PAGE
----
The purpose of this K23 is to provide support for the candidate to acquire the skills necessary to conduct patient-oriented research on novel treatments for pain and co-morbid psychiatric disorders. Chronic pain represents a huge public health concern and is generally poorly understood at a basic neurobiological level. There is a lack of individuals with adequate training in the neurobiology of pain who also have the skills to perform high quality clinical evaluations of new treatments. The candidate wishes support for training to become a clinical translational scientist with specific expertise in evaluating novel treatments that will serve as the foundation for his career as a leader in the development and evaluation of new somatic or device-based treatments for chronic pain. The candidate will become familiar with new treatments such as transcranial magnetic stimulation (TMS), vagus nerve stimulation, and deep brain stimulation. The training aspects of the Award will focus on increasing the candidate's knowledge regarding functional neuroanatomy, empirical and theoretical mechanisms of pain, and technology-based treatments. Building on this foundation, the research project will focus on investigating the effects of TMS on pain perception. Previous research suggests that TMS may reduce pain in healthy adults and clinical samples. However, there is relatively little systematic research on TMS and pain that addresses optimal TMS device parameters, optimal cortical targets, and potential differences in response to TMS between healthy subjects and chronic pain populations.
The Specific Aims of the research project are to: 1) Test for replication, findings that stimulation of the motor cortex with TMS results in changes in pain perception and investigate the duration of analgesic effect;2) Determine the TMS device parameters that are associated with the largest changes in acute pain perception to controlled laboratory pain stimuli;3) Determine which TMS cortical targets are associated with the largest changes in pain perception;and 4) Determine if findings from the laboratory investigations generalize to patients with trigeminal neuralgia. Building on the candidate's knowledge base in clinical psychology, statistics, psychophysiology and computer programming, the proposed training program and research project will help the candidate develop into an innovative and critical expert in developing and evaluating new treatments for pain.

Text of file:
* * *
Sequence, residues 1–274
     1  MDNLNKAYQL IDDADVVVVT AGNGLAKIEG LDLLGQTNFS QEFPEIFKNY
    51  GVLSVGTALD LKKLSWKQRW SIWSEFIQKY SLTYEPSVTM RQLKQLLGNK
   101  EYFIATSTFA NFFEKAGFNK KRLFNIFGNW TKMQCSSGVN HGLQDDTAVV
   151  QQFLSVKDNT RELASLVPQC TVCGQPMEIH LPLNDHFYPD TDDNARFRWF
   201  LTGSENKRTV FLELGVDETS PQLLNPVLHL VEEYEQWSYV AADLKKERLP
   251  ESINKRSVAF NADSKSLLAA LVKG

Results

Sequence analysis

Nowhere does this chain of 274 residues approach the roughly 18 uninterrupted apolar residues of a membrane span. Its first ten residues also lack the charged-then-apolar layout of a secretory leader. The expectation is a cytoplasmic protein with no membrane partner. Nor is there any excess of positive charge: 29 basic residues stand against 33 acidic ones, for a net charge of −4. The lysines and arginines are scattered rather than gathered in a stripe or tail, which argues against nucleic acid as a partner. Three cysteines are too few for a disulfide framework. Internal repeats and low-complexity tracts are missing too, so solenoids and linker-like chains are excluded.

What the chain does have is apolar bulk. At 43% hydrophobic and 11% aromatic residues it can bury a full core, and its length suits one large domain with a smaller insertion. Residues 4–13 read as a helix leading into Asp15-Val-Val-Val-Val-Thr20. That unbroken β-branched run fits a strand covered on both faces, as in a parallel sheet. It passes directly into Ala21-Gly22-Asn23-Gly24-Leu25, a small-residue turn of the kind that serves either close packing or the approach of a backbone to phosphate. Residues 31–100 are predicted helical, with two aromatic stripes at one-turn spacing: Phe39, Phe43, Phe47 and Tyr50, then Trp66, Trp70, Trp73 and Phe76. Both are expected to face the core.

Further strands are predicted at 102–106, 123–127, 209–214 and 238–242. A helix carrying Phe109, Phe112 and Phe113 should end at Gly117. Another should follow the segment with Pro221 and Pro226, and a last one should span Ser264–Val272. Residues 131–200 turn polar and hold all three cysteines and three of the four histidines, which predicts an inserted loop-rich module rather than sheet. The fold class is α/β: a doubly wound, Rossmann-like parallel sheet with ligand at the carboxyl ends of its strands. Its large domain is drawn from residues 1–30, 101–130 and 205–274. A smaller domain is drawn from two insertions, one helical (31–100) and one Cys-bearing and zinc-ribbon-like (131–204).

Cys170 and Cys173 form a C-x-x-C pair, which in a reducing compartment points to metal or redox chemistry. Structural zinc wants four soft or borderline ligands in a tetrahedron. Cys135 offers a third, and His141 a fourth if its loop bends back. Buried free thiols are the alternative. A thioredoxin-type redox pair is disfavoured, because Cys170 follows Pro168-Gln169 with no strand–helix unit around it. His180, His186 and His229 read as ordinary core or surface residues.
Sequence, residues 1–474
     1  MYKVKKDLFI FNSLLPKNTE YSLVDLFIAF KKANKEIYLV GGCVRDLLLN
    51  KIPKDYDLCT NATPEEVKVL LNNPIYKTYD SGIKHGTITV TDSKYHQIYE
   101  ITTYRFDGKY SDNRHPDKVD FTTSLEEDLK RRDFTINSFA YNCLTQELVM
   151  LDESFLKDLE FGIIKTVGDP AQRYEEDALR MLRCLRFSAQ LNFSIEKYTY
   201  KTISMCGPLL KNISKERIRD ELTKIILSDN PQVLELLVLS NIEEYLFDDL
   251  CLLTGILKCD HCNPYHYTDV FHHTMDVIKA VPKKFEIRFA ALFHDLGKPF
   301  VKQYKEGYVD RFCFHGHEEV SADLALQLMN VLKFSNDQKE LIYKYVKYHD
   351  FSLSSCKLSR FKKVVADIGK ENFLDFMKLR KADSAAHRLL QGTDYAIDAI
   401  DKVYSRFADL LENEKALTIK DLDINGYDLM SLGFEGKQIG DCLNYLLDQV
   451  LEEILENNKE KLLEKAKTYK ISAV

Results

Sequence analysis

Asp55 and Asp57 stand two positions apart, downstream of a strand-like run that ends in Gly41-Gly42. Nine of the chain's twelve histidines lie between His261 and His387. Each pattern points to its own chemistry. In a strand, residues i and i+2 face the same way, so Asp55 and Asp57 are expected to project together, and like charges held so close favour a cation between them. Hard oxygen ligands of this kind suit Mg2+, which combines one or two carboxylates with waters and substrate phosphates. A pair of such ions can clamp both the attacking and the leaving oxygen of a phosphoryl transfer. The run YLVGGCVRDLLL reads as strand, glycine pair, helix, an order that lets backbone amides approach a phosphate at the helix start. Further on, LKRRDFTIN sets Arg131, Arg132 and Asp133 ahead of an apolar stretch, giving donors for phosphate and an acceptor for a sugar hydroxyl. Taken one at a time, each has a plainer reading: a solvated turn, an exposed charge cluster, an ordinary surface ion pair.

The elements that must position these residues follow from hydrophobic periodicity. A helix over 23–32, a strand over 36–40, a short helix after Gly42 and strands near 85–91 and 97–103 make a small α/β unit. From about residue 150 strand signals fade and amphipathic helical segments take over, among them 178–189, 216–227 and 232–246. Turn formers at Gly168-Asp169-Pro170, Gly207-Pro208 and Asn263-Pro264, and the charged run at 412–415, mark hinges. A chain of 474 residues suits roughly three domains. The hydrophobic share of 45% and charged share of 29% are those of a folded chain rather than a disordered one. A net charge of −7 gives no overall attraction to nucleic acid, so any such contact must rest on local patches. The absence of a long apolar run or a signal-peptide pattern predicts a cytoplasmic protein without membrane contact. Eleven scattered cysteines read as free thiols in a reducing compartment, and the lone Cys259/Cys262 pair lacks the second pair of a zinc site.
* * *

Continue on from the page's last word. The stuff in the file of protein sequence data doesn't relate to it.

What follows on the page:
National Institute of Health (NIH)
National Institute of Neurological Disorders and Stroke (NINDS)
Mentored Patient-Oriented Research Career Development Award (K23)
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Study Section
NST-2 Subcommittee (NST)
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Porter, Linda L
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Medical University of South Carolina
Schools of Medicine
United States
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Borckardt, Jeffrey J; Bikson, Marom; Frohman, Heather et al. (2012) A pilot study of the tolerability and effects of high-definition transcranial direct current stimulation (HD-tDCS) on pain perception. J Pain 13:112-20
Borckardt, Jeffrey J; Reeves, Scott T; Frohman, Heather et al. (2011) Fast left prefrontal rTMS acutely suppresses analgesic effects of perceived controllability on the emotional component of pain experience. Pain 152:182-7
Borckardt, Jeffrey J; Reeves, Scott T; Beam, Will et al. (2011) A randomized, controlled investigation of motor cortex transcranial magnetic stimulation (TMS) effects on quantitative sensory measures in healthy adults: evaluation of TMS device parameters. Clin J Pain 27:486-94
McFadden, James L; Borckardt, Jeff J; George, Mark S et al. (2011) Reducing procedural pain and discomfort associated with transcranial direct current stimulation. Brain Stimul 4:38-42
Roberts, Donna R; Ramsey, David; Johnson, Kevin et al. (2010) Cerebral cortex plasticity after 90 days of bed rest: data from TMS and fMRI. Aviat Space Environ Med 81:30-40
Nahas, Ziad; Anderson, Berry S; Borckardt, Jeff et al. (2010) Bilateral epidural prefrontal cortical stimulation for treatment-resistant depression. Biol Psychiatry 67:101-9
Borckardt, Jeffrey J; Reeves, Scott; George, Mark S (2009) The potential role of brain stimulation in the management of postoperative pain. J Pain Manag 2:295-300
Beam, William; Borckardt, Jeffrey J; Reeves, Scott T et al. (2009) An efficient and accurate new method for locating the F3 position for prefrontal TMS applications. Brain Stimul 2:50-4
Anderson, Berry S; Kavanagh, Katie; Borckardt, Jeffrey J et al. (2009) Decreasing procedural pain over time of left prefrontal rTMS for depression: initial results from the open-label phase of a multi-site trial (OPT-TMS). Brain Stimul 2:88-92
Borckardt, Jeffrey J; Linder, Katherine J; Ricci, Raffaella et al. (2009) Focal electrically administered therapy: device parameter effects on stimulus perception in humans. J ECT 25:91-8

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